for some $\xi \in (0,t)$. Plugging in the expressions for $\phi(0)$ and $\phi'(\xi)$ and taking $t=1$ gives the claim. $\square$

We move on to the second-order result. For the more general version, see e.g. Wikipedia.

**Theorem (Multivariate Taylor):** Let $f : D \to \mathbb{R}$ where $D \subseteq \mathbb{R}^d$. Let $\mathbf{x}_0 \in D$ and $\delta > 0$ be such that $B_\delta(\mathbf{x}_0) \subseteq D$. If $f$ is twice continuously differentiable on $B_\delta(\mathbf{x}_0)$, then for any $\mathbf{x} \in B_\delta(\mathbf{x}_0)$

for some $\xi \in (0,1)$, where $\mathbf{p} = \mathbf{x} - \mathbf{x}_0$.

*Proof idea:* We apply the single-variable result and the *Chain Rule*.

*Proof:* Let $\phi(t) = f(\boldsymbol{\alpha}(t))$ where $\boldsymbol{\alpha}(t) = \mathbf{x}_0 + t \mathbf{p}$. Observe that $\phi(0) = f(\mathbf{x}_0)$ and $\phi(1) = f(\mathbf{x})$. As observed in the proof of the *Multivariate Mean Value Theorem*, $\phi'(t) = \nabla f(\boldsymbol{\alpha}(t))^T \mathbf{p}$. By the *Chain Rule*,

In particular, $\phi$ has continuous first and second derivatives on $[0,1]$. By *Taylor's Theorem* in the single-variable case

for some $\xi \in (0,t)$. Plugging in the expressions for $\phi(0)$, $\phi'(0)$ and $\phi''(\xi)$ and taking $t=1$ gives the claim. $\square$

**Example:** Consider the function $f(x_1, x_2) = x_1 x_2 + x_1^2 + e^{x_1} \cos x_2$. We apply *Taylor's Theorem* with $\mathbf{x}_0 = (0, 0)$ and $\mathbf{x} = (x_1, x_2)$. The gradient is

and the Hessian is

$$ \mathbf{H}_f(x_1, x_2) = \begin{pmatrix} 2 + e^{x_1} \cos x_2 & 1 - e^{x_1} \sin x_2\\ 1 - e^{x_1} \sin x_2 & - e^{x_1} \cos x_2 \end{pmatrix}. $$So $f(0,0) = 1$ and $\nabla f(0,0) = (1, 0)^T$. Thus,
by the *Multivariate Taylor's Theorem*, there is $\xi \in (0,1)$ such that

$\lhd$

We will be interested in unconstrained optimization of the form:

$$ \min_{\mathbf{x} \in \mathbb{R}^d} f(\mathbf{x}) $$where $f : \mathbb{R}^d \to \mathbb{R}$. In this subsection, we define several notions of solution and derive characterizations.

Ideally, we would like to find a global minimizer to the optimization problem above. Recall the definition of a global minimizer.

**Definition (Global minimizer):** Let $f : \mathbb{R}^d \to \mathbb{R}$. The point $\mathbf{x}^* \in \mathbb{R}^d$ is a global minimizer of $f$ over $\mathbb{R}^d$ if

$\lhd$

We have observed before that, in general, finding a global minimizer and certifying that one has been found can be difficult unless some special structure is present. Therefore weaker notions of solution are needed. Recall the notion of a local minimizer.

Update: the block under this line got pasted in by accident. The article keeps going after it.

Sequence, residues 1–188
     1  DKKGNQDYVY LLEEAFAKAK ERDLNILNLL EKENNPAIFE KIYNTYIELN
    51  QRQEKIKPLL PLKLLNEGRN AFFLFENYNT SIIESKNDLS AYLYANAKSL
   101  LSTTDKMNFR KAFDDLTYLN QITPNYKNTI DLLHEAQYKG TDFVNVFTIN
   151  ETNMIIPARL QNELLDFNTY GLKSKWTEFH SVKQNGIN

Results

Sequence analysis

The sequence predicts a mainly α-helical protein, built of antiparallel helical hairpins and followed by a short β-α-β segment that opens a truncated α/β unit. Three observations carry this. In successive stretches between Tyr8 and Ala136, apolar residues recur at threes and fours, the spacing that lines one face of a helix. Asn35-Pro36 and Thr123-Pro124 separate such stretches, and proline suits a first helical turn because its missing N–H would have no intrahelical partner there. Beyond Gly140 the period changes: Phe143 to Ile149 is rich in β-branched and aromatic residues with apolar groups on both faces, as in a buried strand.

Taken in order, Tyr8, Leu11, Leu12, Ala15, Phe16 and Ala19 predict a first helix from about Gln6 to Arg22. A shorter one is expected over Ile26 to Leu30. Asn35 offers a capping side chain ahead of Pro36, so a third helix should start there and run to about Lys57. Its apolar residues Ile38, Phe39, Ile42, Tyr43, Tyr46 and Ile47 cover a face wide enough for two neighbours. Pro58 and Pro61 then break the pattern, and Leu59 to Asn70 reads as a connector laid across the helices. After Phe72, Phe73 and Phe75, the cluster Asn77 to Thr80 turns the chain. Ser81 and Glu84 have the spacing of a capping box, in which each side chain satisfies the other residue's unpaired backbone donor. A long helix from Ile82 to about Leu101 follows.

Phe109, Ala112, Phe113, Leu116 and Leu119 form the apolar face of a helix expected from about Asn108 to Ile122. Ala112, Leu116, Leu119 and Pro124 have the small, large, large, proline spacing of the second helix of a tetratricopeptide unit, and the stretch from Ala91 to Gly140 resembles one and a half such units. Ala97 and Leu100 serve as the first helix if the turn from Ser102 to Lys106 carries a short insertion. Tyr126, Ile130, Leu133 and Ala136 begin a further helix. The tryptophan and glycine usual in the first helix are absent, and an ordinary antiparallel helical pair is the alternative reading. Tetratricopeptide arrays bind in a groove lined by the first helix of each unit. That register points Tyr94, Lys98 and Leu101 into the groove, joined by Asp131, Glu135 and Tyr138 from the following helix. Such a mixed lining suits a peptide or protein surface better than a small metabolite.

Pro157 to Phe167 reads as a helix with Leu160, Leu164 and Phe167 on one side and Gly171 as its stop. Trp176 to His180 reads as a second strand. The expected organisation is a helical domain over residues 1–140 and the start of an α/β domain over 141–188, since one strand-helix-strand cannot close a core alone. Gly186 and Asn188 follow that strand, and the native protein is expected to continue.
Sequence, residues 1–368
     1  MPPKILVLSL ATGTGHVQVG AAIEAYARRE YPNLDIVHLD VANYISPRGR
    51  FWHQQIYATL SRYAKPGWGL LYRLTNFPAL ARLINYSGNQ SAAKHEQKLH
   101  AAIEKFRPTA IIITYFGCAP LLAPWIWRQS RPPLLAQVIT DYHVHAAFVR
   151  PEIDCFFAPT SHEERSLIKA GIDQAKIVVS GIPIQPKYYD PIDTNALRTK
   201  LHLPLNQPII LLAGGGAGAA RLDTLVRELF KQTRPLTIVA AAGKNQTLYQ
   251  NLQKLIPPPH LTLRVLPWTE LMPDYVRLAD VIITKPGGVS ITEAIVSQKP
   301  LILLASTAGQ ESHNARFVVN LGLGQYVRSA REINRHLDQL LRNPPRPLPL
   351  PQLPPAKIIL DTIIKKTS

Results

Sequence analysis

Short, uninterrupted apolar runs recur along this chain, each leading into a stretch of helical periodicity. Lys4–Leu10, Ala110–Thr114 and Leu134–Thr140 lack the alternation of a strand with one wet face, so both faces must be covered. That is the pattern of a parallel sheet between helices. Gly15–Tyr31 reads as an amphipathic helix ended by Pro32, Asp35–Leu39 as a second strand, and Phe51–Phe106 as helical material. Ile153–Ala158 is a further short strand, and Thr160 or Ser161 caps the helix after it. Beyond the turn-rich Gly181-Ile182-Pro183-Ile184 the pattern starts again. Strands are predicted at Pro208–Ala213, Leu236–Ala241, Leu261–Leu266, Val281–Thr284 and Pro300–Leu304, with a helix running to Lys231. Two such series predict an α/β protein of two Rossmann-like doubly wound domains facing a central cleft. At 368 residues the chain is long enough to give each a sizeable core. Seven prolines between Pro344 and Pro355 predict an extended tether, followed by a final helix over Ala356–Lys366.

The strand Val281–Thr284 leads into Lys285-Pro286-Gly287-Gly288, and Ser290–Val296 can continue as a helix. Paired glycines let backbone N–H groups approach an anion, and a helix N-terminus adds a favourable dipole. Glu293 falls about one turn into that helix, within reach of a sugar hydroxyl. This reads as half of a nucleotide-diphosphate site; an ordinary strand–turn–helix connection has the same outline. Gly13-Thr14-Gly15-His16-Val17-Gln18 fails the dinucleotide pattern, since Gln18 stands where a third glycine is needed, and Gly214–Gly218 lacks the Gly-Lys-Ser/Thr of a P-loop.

**Definition (Local minimizer):** Let $f : \mathbb{R}^d \to \mathbb{R}$. The point $\mathbf{x}^* \in \mathbb{R}^d$ is a local minimizer of $f$ over $\mathbb{R}^d$ if there is $\delta > 0$ such that

If the inequality is strict, we say that $\mathbf{x}^*$ is a strict local minimizer. $\lhd$

In words, $\mathbf{x}^*$ is a local minimizer if there is open ball around $\mathbf{x}^*$ where it attains the minimum value. The difference between global and local minimizers is illustrated in the next figure.

(Source)

Local minimizers can be characterized in terms of the gradient and Hessian of the function.

We first generalize the *Descent Direction Lemma* to the multivariate case. We first need to define what a descent direction is.

**Definition (Descent Direction):** Let $f : \mathbb{R}^d \to \mathbb{R}$. A vector $\mathbf{v}$ is a descent direction for $f$ at $\mathbf{x}_0$ if there is $\alpha^* > 0$ such that

$\lhd$

In the continuously differentiable case, the directional derivative gives a criterion for descent directions.

**Lemma (Descent Direction and Directional Derivative):** Let $f : \mathbb{R}^d \to \mathbb{R}$ be continuously differentiable at $\mathbf{x}_0$. A vector $\mathbf{v}$ is a descent direction for $f$ at $\mathbf{x}_0$ if

that is, if the directional derivative of $f$ at $\mathbf{x}_0$ in the direction $\mathbf{v}$ is negative.

*Proof idea:* We use the *Multivariate Mean Value Theorem* to show that $f$ takes smaller values in direction $\mathbf{v}$.

*Proof:* Suppose there is $\mathbf{v} \in \mathbb{R}^d$ such that $\nabla f(\mathbf{x}_0)^T \mathbf{v} = -\eta < 0$. For $\alpha > 0$, the *Multivariate Mean Value Theorem* implies that there is $\xi_\alpha \in (0,1)$ such that

We cannot immediately apply our condition on $\mathbf{v}$ as the gradient in the previous equation is taken at $\mathbf{x}_0 + \xi_\alpha \alpha \mathbf{v}$, not $\mathbf{x}_0$. But the gradient is continuous, so there is $\delta > 0$ such that